A year or so ago, my very talented director friend Hannah Drake shared a Facebook post, as an actor friend of hers, Mary Chater, wanted to make new playwright connections.  Mary and I spoke and really clicked, but we didn’t work together this time.

A year later, Mary is waiting for an estate agent. She gets chatting with a lady. Eventually, about theatre. They meet again. The lady works at Brighton University; they talk about making rehearsed readings part of a new course. Mary emails me – would I be interested?  When Brighton’s Dr Kate Aughterson says yes to this script, I ask my Facebook chums again who they know in Brighton (as there’s no money in this!) and who do we get as director? That Hannah Drake again (superb at catching wannabe-vanishing trains, I have to say) who had no idea that Mary was involved. She was joined by Mary, playing Ali, and Matt Lloyd Davies as Mike. They were all absolutely superb.    I could not have been more proud of this team and grateful for their generosity.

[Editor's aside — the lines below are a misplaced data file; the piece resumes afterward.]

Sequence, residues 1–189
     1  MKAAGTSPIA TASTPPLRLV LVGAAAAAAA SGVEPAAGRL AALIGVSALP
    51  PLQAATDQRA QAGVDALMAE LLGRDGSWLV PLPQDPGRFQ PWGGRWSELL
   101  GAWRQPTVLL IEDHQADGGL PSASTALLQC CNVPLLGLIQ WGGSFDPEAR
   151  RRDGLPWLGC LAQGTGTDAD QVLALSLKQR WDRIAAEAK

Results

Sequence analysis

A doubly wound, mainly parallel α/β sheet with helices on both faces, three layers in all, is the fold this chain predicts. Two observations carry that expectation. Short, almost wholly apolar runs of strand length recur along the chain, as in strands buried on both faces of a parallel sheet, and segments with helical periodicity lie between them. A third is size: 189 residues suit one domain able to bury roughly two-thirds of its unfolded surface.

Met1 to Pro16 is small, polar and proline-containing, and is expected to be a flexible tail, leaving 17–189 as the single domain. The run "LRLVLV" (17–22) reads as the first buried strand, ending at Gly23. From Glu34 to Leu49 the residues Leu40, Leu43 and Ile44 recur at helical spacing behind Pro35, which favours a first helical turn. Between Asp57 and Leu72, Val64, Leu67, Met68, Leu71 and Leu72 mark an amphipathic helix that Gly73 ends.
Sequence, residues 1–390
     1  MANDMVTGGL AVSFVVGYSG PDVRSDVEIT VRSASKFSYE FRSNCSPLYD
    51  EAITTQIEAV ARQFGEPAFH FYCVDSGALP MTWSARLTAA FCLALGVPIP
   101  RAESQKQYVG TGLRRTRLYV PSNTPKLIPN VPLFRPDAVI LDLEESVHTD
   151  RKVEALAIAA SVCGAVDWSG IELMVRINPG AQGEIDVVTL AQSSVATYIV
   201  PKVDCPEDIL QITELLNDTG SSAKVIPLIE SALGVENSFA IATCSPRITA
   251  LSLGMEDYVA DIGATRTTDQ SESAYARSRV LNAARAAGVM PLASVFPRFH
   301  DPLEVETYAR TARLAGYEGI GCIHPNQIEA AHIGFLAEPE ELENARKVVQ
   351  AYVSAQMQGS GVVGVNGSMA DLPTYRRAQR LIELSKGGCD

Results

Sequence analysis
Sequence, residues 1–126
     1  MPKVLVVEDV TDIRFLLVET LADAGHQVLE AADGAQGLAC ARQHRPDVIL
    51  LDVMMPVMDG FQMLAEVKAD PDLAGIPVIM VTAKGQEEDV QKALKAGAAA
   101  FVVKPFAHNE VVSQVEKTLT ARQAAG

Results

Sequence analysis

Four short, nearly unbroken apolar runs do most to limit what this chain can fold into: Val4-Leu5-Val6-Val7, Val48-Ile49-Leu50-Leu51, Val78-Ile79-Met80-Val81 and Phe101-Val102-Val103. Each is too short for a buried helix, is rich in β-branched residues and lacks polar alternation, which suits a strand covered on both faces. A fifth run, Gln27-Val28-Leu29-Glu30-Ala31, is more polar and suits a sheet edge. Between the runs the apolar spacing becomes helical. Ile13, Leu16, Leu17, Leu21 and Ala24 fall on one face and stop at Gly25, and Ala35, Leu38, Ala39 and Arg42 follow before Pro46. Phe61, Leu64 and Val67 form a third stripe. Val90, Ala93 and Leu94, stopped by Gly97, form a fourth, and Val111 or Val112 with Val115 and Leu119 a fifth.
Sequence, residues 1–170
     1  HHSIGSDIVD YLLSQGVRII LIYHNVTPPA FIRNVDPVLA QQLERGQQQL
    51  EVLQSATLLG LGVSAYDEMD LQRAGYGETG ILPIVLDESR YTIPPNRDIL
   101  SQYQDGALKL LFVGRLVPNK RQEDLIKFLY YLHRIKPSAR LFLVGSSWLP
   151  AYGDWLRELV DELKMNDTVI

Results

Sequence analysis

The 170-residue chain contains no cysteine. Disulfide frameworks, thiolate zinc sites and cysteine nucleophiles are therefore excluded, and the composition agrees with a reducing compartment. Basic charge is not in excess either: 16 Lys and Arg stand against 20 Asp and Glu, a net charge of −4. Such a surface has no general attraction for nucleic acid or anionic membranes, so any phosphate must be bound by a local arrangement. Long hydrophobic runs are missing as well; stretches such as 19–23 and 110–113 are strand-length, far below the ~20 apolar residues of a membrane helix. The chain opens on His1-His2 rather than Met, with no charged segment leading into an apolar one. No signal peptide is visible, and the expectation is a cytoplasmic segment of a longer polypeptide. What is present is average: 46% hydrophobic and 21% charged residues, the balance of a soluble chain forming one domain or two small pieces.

So now, a mulling, and time to plan next steps. I have a feeling this script is dusting off her dress and is almost ready for the dance….

P.S. – if you want to know what the “magic gun” is in the title of this post, get in touch. You just have to see the play, you see…. 😉

31 Oct BOX Brighton RR poster.jpg

Shows, theatre, Writing

Box: development update

Very excited to say the quantum mechanics play, Box,  has a twinkle in its eye. After some generous and insightful industry feedback over the summer, it’s having a rehearsed reading on Hallowe’en, as part of the work done by Brighton University’s Performance and Community Research and Enterprise Group.